"I watch their softly tousled heads slumbering on
their pillows, and sadness wells up in me. Have I drunk in their smiles
and laughter and hugged them, or have I just checked things off my to-do
list today? They're growing so quickly. One morning I may wake up and
one of my girls will be getting married, and I'll worry: Have I played
with them enough? Have I enjoyed the opportunity to be a part of their
lives?" -- Janet Fackrell
It's part of our job description as parents to guide our kids and keep them moving through the daily routine. All too often, that means setting limits, denying requests, correcting behavior. Sometimes we're skillful enough that our child doesn't perceive our guidance as "negative." More often, kids give us the benefit of the doubt because all the other loving, affirming interactions create a positive balance in our relationship account. That's why creating those positive interactions with your child matters so much.
Research shows we need at least five positive interactions to each negative interaction to maintain a healthy, happy relationship that can weather the normal conflicts and upsets of daily life. So when we're short on positive interactions, our relationship balance dips into the red. As with any bank account, we're overdrawn. That's when kids resist our guidance and develop attitude, whether they're two or twelve.
Life is busy, and you don't need one more thing for your to-do list. Instead, why not create a few daily habits that replenish your relationship account with your child? After thirty days, any action becomes a habit, so you don't have to think about it. Here are 20 things you can start doing today to build a closer relationship with your child. READ POST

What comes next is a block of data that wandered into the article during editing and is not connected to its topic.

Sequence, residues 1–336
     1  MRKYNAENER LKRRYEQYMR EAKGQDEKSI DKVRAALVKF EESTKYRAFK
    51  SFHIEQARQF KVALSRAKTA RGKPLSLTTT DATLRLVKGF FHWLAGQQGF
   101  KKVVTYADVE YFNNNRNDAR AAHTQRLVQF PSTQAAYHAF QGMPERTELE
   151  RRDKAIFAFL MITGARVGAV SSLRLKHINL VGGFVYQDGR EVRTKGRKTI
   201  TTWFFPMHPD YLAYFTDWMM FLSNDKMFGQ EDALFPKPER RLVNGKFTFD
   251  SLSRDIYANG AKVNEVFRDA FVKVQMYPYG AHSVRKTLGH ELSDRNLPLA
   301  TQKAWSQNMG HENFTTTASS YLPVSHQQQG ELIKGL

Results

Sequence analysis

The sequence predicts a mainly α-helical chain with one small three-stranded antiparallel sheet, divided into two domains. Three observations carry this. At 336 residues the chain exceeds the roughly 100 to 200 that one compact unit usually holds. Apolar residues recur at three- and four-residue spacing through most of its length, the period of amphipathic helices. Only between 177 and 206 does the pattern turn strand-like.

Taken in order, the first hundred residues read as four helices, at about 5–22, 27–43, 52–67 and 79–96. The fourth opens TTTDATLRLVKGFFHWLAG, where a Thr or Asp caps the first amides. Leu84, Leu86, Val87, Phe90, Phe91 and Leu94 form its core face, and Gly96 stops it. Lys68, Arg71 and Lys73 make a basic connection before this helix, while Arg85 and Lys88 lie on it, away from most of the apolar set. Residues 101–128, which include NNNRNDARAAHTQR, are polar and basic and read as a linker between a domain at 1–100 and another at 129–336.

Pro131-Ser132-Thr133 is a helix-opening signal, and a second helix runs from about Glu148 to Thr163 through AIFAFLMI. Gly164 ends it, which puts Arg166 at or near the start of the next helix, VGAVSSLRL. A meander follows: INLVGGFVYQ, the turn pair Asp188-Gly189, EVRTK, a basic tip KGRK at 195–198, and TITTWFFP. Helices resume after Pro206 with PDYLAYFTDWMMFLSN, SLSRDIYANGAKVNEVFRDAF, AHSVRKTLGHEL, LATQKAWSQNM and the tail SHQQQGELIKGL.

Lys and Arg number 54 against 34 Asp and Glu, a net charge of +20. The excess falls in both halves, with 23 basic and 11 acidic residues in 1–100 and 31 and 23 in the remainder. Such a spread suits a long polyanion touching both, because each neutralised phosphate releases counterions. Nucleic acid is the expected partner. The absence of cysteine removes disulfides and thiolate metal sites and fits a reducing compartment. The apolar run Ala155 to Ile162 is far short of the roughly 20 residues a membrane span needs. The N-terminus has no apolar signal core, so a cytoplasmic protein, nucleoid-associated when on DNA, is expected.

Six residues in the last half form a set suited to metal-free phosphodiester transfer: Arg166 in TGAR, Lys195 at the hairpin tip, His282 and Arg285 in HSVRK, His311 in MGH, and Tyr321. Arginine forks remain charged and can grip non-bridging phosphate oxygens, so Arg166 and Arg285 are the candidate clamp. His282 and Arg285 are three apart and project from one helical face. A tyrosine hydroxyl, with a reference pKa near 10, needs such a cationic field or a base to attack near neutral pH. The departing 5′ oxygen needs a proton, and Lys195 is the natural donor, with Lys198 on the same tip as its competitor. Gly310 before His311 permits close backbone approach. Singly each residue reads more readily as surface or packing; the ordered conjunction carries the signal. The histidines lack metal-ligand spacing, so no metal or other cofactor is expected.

"Sending children away to get control
of their anger perpetuates the feeling of 'badness" inside
them...Chances are they were already feeling not very good about
themselves before the outburst and the isolation just serves to confirm
in their own minds that they were right." -- Otto Weininger,Ph.D.
When our kids get angry, it pushes buttons for most of us. We want to be loving parents. Why is our child lashing out like this? READ POST
"This summer a teen in my community died in a car accident after a drinking party. Can you give tips on how to talk to my kids about alcohol? They're 7 and 11." – Dan
Smart dad! Parents are the most important influence on whether kids drink alcohol, and the earlier you start these conversations, the better. Kids whose parents teach them the risks of using drugs and alcohol are half as likely to use them. Don't wait until your kids are teens before you have these conversations. This is a topic you'll want to revisit over the years as your child reaches new levels of understanding -- and temptation. READ POST
"Let there be times when you don't
tell someone everything you know about her problem, even if your
understanding of it is better than hers." - Guy Finley
"Self Esteem comes from feeling capable in the world, as well as from being loved unconditionally." - Ty and Linda Hatfield
Ever notice how kids don't really want to hear your solutions to their problems? Teenagers, particularly, often react with downright hostility when we give them our good advice. That's because they need to see themselves as capable. Every time we tell our child how to handle something, we're implying that he isn't competent enough to figure it out for himself. We're undermining his confidence, which erodes his self-esteem. READ POST
"If you entertain thoughts that... your child is
manipulating you, taking advantage of you, ignoring you, or
disrespecting you -- you will often feel annoyed, irritated, and angry.
However, when instead you think in terms of the needs that you and your
child are trying to meet, then you are more likely to feel compassion
and connection. And you are much more likely to take action that
contributes to your child's well-being as well as your own." -- Sura
Hart & Victoria Kindle-Hodson
Is your child's behavior irritating you? Whether he's whining, bossy, or defiant, here's why -- what you can do about it. READ POST
Did you know that one out of every four girls in middle school today will be date-raped by the time she's 22? That predators try to abduct about 100,000 teenage girls each year, with the risk peaking at age 15? As I consider my 16 year old and her friends, these statistics are shocking, unbearable. READ POST
BlogHer and LG (one of the largest cell phone manufacturers in the world)
asked me to post about Mobile Meanness on BlogHer.com. Their
“LG TextEd Ambassador” program hopes to arm parents with the info they
need to help kids use their cell phones responsibly. My post, which includes Rules to Help Your Child Handle a Cell Phone Responsibly, is here on BlogHer.